Might Makes Right?
Thursday, November 26, 1998
Minnesota''s got nothing on Monterey: They have Governor Jesse "The Body" Ventura and we have Assemblymember Peter "The Fist" Frusetta.
In The Fist''s latest "Cowboy in the Capitol" column, he gloats over his re-election victory over Alan Styles. After rambling about how he slept while his campaign workers toiled, a memory jarred loose as he recalled his glory days as a Stanford jock...
"When I finally got my opponent exhausted," narrates The Fist, "I took careful, calculated aim and with renewed energy drove him to the floor with relentless, punishing lefts and rights to the midsection and then my best punch, a solid left hook to the jaw. It is with exhilarating emotion, even now 40 years later, that I recall my opponent collapsing, helplessly to the mat."
Without commenting on the assemblyman''s apparent brutishness, Squid has a question. If The Fist so loves a fight, why wouldn''t he debate Styles? Or allow himself to be interviewed by the press? Or attend candidate panels? Frusetta should be ashamed of taking credit for winning a fight from which he was conspicuously absent. The voters definitely lost in this round.
Imagine you''ve gotten a bad review, your co-workers hate you--so much, they''ve banded together to give you a vote of "no confidence." You''ve made up parts of your resume--and your boss knows it. Worried about getting fired? Hell no. For your efforts, you get a raise, a year''s paid vacation, and the guarantee that never will be heard a discouraging word about your past performance, should you decide to foist your talents off on other unsuspecting employers.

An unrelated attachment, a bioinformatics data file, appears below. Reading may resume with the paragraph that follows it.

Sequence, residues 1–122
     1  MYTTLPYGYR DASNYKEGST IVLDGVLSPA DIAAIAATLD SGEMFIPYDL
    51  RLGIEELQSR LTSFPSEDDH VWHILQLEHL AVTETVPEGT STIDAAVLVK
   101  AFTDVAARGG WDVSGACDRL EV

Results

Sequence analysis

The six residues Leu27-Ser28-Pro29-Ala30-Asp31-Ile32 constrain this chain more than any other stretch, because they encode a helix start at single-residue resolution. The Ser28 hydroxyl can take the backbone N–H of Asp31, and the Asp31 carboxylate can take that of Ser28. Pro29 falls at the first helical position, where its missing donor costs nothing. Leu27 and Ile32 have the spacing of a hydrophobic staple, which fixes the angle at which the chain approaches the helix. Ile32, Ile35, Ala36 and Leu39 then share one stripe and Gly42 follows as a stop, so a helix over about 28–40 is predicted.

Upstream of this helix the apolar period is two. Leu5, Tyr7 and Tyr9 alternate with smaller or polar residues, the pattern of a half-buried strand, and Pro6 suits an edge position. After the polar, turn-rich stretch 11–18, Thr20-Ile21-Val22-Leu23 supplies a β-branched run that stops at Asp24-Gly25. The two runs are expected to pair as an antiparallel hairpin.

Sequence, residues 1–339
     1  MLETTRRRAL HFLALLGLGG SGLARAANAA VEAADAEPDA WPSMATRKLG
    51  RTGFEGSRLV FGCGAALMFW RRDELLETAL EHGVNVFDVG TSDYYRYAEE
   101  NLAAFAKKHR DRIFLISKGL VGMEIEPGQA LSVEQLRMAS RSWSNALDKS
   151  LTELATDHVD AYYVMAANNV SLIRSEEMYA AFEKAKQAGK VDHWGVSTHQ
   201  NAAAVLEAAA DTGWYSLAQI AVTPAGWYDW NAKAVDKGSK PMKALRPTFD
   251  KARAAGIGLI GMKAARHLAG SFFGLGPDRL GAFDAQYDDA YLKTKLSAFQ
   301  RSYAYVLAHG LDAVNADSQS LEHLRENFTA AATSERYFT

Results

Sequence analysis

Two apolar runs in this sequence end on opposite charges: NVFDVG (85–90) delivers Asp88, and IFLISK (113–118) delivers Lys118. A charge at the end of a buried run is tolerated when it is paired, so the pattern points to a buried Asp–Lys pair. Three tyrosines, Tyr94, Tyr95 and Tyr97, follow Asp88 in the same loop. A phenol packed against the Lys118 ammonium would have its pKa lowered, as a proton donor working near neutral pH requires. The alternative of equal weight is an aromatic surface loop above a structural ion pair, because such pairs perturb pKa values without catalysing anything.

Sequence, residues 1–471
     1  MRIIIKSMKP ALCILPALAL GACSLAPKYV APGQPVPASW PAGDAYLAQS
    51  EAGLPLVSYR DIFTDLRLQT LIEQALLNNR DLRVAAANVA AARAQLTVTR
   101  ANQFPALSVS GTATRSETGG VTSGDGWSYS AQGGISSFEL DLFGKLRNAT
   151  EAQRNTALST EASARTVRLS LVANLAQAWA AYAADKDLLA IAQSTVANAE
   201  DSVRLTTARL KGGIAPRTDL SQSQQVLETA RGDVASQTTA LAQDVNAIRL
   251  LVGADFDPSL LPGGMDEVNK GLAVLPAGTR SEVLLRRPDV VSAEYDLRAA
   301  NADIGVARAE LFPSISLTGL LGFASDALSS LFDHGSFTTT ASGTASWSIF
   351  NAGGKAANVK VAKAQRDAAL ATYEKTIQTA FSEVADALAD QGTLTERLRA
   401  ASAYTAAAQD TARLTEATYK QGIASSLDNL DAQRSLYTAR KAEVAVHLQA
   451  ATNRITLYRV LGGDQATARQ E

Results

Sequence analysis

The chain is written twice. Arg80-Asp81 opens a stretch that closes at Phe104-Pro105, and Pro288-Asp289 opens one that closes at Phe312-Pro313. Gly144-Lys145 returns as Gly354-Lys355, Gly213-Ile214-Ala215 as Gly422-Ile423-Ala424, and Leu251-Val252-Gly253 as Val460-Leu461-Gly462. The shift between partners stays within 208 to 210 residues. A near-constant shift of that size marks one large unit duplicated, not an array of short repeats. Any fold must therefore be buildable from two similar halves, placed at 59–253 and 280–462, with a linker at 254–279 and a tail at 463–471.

That''s the deal Seaside City Manager Tim Brown got from a unanimous majority of city councilmembers present at this week''s meeting (Brown''s defender, outgoing Mayor Don Jordan was out of town and not present for the rush-job vote.)
Brown, by state law, was entitled to a six-month so-called "cooling off" period following the election of new Mayor Jerry Smith--a measure designed to protect city managers from the political winds of change. And, the Seaside council, in its infinite wisdom, two years ago voted to boost Brown''s severance package to include nine months worth of salary, even if the city manager was convicted of a crime. But don''t pity the council too much. The same majority hired the guy, kept him on through union votes of no-confidence and revelations of resume fabrication, and cast the vote for the golden handshake. But they''re not picking up the tab. That would be the job of Seaside residents. Once again, the public takes it on the chin.
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